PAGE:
Student debt in the U.S. is reaching new heights.

In 2015, student loan debt was $1.2 trillion, compared to $0.2 trillion in 2003, reports the Centre for Retirement Research at Boston College.

Further, U.S. student loan debt now accounts for more than 30% of total household non-mortgage debt, surpassing credit card debt in 2011, notes the study. U.S. grads in 2013 had $31,000 in student debt.

And student debt isn’t a problem in just the U.S. — Canadian post-secondary students also face growing tuition fee costs, which could force them to take out larger loans.

The Canadian Federation of Students warns annual tuition fees could rise to $19,900 in 2035-2036, reports’s Suzanne Sharma. Students may not be thinking about the realities of debt, so advisors should help.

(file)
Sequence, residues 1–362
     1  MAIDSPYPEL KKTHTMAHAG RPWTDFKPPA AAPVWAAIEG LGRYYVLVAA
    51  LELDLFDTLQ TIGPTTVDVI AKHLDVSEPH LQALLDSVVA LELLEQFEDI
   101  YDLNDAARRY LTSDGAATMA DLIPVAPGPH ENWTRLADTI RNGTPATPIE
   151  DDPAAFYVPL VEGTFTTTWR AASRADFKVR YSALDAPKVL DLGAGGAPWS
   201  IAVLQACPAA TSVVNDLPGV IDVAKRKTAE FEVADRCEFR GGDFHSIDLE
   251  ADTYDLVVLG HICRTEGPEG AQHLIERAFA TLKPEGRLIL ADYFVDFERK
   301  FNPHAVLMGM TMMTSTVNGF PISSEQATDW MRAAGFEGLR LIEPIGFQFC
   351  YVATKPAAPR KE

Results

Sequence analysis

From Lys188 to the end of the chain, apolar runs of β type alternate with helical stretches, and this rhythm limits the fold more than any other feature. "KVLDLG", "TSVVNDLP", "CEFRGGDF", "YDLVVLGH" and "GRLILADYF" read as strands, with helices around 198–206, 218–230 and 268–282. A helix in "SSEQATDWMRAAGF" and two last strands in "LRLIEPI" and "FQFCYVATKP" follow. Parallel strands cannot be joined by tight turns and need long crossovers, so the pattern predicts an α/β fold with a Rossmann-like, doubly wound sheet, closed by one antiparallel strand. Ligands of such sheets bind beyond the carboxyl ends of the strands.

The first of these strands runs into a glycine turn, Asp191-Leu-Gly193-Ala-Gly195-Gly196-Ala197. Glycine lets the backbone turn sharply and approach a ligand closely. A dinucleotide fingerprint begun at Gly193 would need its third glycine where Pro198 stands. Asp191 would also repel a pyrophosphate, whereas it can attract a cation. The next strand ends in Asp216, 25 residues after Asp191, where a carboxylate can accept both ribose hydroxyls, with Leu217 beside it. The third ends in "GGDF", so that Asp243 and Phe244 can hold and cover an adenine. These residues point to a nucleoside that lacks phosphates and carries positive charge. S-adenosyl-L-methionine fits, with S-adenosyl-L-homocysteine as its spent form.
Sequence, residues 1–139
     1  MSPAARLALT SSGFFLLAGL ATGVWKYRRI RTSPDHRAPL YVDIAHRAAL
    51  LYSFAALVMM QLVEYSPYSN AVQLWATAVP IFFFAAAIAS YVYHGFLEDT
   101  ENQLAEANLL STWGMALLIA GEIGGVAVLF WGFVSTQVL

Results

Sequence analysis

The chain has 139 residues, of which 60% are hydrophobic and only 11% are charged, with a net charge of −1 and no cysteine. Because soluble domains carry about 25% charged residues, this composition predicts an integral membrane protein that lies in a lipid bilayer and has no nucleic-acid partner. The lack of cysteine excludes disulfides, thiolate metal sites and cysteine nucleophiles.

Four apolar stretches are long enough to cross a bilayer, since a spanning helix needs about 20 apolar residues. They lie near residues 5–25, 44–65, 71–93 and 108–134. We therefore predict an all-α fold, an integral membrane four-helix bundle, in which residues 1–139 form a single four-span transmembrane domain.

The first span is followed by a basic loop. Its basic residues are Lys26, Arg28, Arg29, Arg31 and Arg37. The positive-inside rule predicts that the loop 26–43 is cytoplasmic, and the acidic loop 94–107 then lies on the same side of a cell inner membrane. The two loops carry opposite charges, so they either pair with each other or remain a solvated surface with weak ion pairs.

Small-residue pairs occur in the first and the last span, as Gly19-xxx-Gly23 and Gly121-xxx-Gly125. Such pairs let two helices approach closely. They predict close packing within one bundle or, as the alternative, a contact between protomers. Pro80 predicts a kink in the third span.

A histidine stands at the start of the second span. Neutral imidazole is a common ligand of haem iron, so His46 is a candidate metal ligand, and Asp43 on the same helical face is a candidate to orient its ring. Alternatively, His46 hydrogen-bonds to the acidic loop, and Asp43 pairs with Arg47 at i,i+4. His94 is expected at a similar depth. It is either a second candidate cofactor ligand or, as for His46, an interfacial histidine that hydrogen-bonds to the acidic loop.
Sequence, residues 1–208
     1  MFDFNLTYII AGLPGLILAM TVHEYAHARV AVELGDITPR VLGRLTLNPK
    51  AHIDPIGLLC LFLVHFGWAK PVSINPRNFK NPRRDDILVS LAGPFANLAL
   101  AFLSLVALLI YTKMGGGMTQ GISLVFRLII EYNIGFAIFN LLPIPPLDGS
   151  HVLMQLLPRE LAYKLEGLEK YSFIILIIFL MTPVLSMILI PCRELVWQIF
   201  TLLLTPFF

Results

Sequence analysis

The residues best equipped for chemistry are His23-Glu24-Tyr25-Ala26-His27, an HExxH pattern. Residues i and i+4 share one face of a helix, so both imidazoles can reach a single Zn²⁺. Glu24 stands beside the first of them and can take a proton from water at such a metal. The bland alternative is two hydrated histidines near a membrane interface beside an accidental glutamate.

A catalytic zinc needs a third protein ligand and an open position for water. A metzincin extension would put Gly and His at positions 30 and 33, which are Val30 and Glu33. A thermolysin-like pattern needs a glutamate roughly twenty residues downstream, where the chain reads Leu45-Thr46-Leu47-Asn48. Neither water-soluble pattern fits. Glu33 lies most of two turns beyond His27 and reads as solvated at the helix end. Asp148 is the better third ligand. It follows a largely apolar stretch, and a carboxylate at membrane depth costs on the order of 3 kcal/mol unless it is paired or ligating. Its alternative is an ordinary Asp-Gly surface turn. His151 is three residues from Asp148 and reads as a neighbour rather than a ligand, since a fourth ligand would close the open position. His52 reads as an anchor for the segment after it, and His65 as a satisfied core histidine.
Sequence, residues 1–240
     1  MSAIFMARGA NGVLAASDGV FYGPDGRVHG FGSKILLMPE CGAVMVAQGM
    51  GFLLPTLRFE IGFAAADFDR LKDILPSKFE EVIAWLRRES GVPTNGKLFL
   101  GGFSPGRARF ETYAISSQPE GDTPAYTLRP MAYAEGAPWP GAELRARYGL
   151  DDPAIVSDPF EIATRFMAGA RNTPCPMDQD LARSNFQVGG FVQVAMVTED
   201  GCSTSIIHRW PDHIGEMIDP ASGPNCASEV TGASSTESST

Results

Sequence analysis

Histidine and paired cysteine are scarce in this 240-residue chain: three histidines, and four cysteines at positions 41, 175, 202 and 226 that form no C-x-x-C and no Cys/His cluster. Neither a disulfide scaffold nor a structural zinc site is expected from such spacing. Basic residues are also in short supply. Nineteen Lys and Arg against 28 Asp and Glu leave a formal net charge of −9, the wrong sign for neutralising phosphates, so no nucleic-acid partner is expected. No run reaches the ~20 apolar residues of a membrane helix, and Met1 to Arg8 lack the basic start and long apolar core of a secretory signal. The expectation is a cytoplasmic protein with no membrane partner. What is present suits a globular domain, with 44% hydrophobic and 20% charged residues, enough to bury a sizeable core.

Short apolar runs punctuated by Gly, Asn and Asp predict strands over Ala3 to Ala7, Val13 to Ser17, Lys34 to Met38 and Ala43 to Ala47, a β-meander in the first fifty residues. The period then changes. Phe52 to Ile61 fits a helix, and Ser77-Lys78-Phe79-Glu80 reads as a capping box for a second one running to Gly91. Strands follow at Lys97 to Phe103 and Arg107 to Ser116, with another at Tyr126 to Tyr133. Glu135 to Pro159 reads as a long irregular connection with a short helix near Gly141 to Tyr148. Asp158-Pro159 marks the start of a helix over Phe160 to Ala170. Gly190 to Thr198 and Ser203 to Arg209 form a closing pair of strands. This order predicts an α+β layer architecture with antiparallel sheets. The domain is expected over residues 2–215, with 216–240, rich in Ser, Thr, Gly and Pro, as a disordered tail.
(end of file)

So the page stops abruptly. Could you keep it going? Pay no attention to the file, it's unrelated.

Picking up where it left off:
Have frank discussions about what it means to take out a loan. The government may offer your client’s child $10,000 annually, but she doesn’t have to use the whole amount if she only needs $8,000. Explain how blowing that extra $2,000 on pizza each year, for instance, will amount to the costliest pizza she’ll ever have, thanks to interest.

Read more on how you can help.

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Too many students don’t know the terms of their loans and the fact that debt is limited to 7,300 per year (but you have to file taxes) and that the grace period is not graceful at all, but rather a very expensive 6 months of interest. The information is out there, but not easy to find and not clearly communicated to borrowers. It should be emailed out, not just hidden somewhere on a site that is different from the one where loans are administered during studies. Education is a necessity, and the huge loan burden on poor and lower middle class students is a drag on their life plans, which becomes a drag on the economy when young adults aren’t out there spending money and planning for their futures.
(Edited as per T&C)

Thursday, Apr 28, 2016 at 8:00 am Reply